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2016 NCAA Tournament: Breaking down Syracuse's game tape

We look at what Syracuse does on offense and defense, and how the Zags can beat them.

Jasen Vinlove-USA TODAY Sports

Ahead of Gonzaga's Sweet 16 showdown with that pesky orange team from the north east, we broke down some of Syracuse's film to see what we should expect on Friday night.

Syracuse Defense

Syracuse's 2-3 zone differs from others of its ilk because it requires the forwards to extend further up on the wings than is the norm. It essentially starts as a 4-1 zone, allowing the forwards to instantly cover passes into the wings and trap when the guard rotates over from the top, or hand off the offensive player and drop lower into the post. With this scheme, it comes as no surprise to see that Syracuse only allows opponents to convert 30.4% (11th in the country) of three-point attempts.

Gonzaga will want to run as much offense through the high post as possible, which is nice since we have the personnel to do so. Kyle Wiltjer and Domantas Sabonis are both excellent passers, and Gonzaga runs some of the nicest high-post action in college ball. With Wiltjer's ability to hit deep from 3, the Zags could extend the "high post" from its traditional locale at the free throw line, all the way to the top of the 3. This is ideal since Wiltjer's height allows him to see over the top of the defense, and creates a better passing angle into the post. Our guards would then be freed up to overload the zone and/or sit/slash from the corners. If the Syracuse guards sit back, Wiltjer will be free to shoot over the top at his pleasure. If/when Syracuse has had enough of Wiltjer killing them and decide to play further up, there will be a lot more space for Domas to go to work in the restricted area.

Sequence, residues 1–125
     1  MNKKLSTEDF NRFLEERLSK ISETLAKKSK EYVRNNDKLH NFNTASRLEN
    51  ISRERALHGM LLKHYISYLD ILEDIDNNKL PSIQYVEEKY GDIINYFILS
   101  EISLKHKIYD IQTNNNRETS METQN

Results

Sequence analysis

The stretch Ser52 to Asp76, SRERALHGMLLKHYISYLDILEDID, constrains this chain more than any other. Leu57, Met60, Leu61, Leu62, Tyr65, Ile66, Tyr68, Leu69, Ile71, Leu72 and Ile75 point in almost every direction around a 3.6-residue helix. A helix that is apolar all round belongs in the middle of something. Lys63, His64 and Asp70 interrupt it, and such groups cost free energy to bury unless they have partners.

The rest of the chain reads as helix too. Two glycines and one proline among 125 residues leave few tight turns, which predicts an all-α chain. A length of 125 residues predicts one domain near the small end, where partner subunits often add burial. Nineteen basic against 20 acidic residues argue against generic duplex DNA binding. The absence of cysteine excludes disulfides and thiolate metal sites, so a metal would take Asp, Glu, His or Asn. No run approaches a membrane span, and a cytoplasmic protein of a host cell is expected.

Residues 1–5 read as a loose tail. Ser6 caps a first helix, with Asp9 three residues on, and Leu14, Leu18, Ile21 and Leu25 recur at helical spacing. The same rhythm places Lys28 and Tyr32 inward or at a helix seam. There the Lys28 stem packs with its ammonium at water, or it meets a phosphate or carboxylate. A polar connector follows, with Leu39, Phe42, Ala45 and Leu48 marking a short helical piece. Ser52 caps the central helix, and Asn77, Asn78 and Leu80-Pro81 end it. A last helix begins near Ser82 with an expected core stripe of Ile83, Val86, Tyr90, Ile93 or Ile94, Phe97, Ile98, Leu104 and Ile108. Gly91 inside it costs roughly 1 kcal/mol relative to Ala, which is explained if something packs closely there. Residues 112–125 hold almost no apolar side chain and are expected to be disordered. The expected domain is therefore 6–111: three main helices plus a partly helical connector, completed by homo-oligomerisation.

Syracuse Offense

On the other side of the ball, Syracuse loves to fire up 3-pointers. They have a 3PA/FGA ratio of 43.1% which is 30th in the nation. Despite their proclivity to shoot the long ball, they're simply average at converting these shots as they shoot 36.2% from deep (108th in the country).

With the athletic rangy players they tend to recruit for their defense, Syracuse is pretty good at punishing opposing teams when they beat defenders off the dribble. Since Jim Boeheim loosened the reins on Michael Gbinije, the Orange have become a much more dynamic team on offense.

The Orange run a fair amount of dribble-drive motion offense, spreading the floor and rotating when someone drives to the paint. If the driver consistently gets penetration and forces the defense to have to collapse on him, the off-ball offensive players will have opportunities to shift into open spaces for open shots if the ball gets kicked back out. This system puts a lot of pressure on the defense to keep their man in front of them and communicate effectively on rotations.

The dribble-drive offense provides a lot of temptation to simply devolve into a lot of iso-ball. The onus will be on Gonzaga's defenders to take away the kick out and force Syracuse to make tough shots in isolation.

Gonzaga's keys to victory will be effectively running high-low and weak-side drops with Wiltjer and Sabonis on offense. Slashers like Eric McClellan, Silas Melson, and Kyle Dranginis should have plenty of opportunities to do damage from the corners and in. On defense, the Zags must control Michael Gbinije and communicate on rotations and screens. Fortunately, the Bulldogs have had several days to prepare for this game, and there should be a clear plan on when to help, and where it should come from.

The Zags have the right personnel to take out Syracuse. Now they just have to go out and do it.